Hello, Dolly! hits the stage at MHS

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Hello, Dolly! hits the stage at MHS

Allie Giordano

Allie Giordano

Allie Giordano

Left to right: Barneby Tucker (Andrew Dacunto), Minnie Fay (Becky Ditzel), Cornelius Hackl (Nick D'Agosta), and Dolly Levi (Marissa Accordino)

Joe Zappa, Assistant Editor-In-Chief

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Every year, the high school musical draws a full crowd to the Baldwin Auditorium for two nights to witness an impressive display of musical talent, choreography, and artistry, and this year was no different.

Hello, Dolly! began with a bang, as the introductory songs “Call on Dolly” and “I Put My Hand In” introduced the crowd to the flamboyant personality of Dolly Levi, played with precision by senior Marissa Accordino. The lead female’s affected voice lent authenticity to the acting, and her singing commanded the attention Dolly deserves.

“I was shocked when I saw the cast list but really excited at the same time I knew I had a lot of rehearsal coming up, but I think it turned out really well,” Accordino said. “To prepare for the role I had a lot of memorizing to do, a lot of vocal training and a lot of practice. I spent countless hours rehearsing and dancing and making the role the best it could be. It was an amazing experience and was the most amazing part to play.”

Of course, Dolly’s attention-grabbing performances were greatly enhanced by the sensational sounds of the pit orchestra. In the opening scene, the student instrumentalists in the pit set the pace and tone for the play, performing a fast-paced and pleasant score to perfection. The dedication of these highly talented musicians raises the bar for Massapequa musicals, as not all districts are fortunate enough to have a group of students so talented and so passionate about music.

Another facet of the show that cannot be overlooked was the wardrobe. The mood of 1890s New York City was exemplified by the vibrant colors flaunted by the ensemble, as well as the various dresses worn by Accordino and fellow senior Alexa Arent, who played the thrill-seeking Irene Molloy.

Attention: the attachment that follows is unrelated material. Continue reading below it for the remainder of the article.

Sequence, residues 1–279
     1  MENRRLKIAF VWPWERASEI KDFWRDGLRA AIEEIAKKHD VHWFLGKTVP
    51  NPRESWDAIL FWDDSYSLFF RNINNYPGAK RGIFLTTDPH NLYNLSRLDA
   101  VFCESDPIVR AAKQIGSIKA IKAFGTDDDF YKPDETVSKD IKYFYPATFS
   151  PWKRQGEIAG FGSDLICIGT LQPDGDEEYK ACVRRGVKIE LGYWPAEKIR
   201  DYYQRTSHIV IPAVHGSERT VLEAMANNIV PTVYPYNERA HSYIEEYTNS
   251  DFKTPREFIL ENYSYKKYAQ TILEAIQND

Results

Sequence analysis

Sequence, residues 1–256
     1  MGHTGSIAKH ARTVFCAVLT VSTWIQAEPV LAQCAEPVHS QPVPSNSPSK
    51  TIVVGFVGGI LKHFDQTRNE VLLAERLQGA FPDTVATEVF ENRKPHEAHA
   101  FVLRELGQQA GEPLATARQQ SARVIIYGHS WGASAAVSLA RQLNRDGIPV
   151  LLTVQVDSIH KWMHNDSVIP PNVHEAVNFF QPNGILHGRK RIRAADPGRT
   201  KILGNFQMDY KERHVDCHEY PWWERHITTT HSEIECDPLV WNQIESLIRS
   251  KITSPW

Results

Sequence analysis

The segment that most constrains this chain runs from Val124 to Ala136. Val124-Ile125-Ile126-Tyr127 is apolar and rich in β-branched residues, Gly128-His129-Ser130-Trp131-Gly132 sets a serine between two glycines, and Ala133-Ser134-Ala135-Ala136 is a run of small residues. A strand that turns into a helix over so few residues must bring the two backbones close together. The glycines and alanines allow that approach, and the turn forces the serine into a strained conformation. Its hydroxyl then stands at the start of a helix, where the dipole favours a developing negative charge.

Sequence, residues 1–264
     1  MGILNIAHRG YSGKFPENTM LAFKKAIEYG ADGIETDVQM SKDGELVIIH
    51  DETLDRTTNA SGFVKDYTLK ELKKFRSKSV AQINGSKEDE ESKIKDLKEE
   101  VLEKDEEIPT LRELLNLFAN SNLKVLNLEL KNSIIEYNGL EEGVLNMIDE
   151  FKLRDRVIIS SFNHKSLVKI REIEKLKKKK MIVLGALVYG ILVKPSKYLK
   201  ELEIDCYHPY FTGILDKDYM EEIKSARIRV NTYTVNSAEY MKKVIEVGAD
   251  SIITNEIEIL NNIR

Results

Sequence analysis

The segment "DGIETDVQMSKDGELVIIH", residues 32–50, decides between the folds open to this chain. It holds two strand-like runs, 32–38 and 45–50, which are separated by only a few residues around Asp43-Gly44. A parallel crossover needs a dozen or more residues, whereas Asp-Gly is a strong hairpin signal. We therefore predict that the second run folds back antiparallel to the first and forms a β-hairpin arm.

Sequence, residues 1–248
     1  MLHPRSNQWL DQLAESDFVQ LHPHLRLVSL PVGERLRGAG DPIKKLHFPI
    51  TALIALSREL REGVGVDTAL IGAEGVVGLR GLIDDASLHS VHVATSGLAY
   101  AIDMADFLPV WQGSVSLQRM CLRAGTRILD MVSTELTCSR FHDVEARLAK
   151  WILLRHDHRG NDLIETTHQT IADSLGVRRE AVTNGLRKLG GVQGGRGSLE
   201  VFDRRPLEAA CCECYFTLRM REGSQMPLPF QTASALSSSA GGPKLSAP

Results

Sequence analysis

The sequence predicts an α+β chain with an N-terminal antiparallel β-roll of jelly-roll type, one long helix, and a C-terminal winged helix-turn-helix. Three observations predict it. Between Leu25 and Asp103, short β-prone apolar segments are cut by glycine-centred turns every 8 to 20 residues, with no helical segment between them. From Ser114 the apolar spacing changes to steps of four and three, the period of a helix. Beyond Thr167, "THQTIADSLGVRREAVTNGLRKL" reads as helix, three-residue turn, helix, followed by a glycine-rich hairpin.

Ms. Molloy is a beautiful widow seeking the heart of a wealthy man so that she can quit working at her famous hat shop in New York City. Arent’s voice was showcased in the classic ballad “Ribbons Down My Back,” in which Molloy sings of her willingness to attract a man through her lavish attire. 

“It was an absolutely amazing experience playing Irene Molloy,” Arent said. “She is such a fun and interesting character and it really allowed me to challenge myself to make it real. I’m glad I got to go out with a bang playing such a great role for my last performance at MHS, but it was also very sad. I am blessed to have been given such amazing opportunities on the MHS stage and it truly was a sad moment last night realizing it was my last. I want to thank everyone for making my MHS career such an amazing one.”

Senior Raymond Atkin played the role of the male lead, Horace Vandergelder. Vandergelder is an extremely wealthy businessman who wants a woman to complete his life and spruce up his home the way only a woman can, as he describes in the song “It Takes a Woman.” In the beginning of the show he seeks the hand of Ms. Molloy, for she is both beautiful and successful in her own right. 

The entertainment value of the production was greatly elevated by the comedic performances of seniors Sara Dramer (Ermengarde) and Andrew Dacunto (Barnaby Tucker). Dramer’s character is Vandergelder’s young niece who “just wants to get married” to Ambrose Kemper, played by senior David Sherlock. She let out a signature wail almost every time she stepped out on stage, and it never failed to score a positive response from the audience. Dacunto’s character is constantly afraid of the repercussions of his adventure in New York City, which often resulted in a high-pitched squeal equally effective in drawing laughter from the crowd.

After a series of crazy events created by the manipulative Dolly (who has had her eye on Vandergelder from the start) that culminate in the entire cast getting caught up in court, it is Vandergelder’s store clerk, Cornelius Hackl, played by junior Nick D’Agosta, who gets Molloy’s hand, and Vandergelder ends up engaged to Dolly. The end is satisfying for everyone, since the dreamer Cornelius gets the girl and his chance to start his own business, and Dolly gets what she wants as well when Vandergelder comes to the realization that she is the only woman for him.

Overall, Hello, Dolly! was a roaring success. It took comedic timing, musical talent, and dedication to create an effective show, and the Dolly cast, crew, and pit provided an excess of all three. The result was another memorable musical at MHS, and like the personality of its star, Hello, Dolly! will not soon be forgotten.

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